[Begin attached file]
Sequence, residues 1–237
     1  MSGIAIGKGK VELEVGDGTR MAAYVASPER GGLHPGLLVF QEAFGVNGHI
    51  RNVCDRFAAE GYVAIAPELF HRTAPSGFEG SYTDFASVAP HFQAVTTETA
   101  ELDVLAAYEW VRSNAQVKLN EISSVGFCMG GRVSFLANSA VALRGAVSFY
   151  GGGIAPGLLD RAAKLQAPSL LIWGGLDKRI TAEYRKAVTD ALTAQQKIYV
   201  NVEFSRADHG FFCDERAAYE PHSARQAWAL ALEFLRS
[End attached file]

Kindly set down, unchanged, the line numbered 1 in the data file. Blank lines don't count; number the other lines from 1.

Sequence, residues 1–237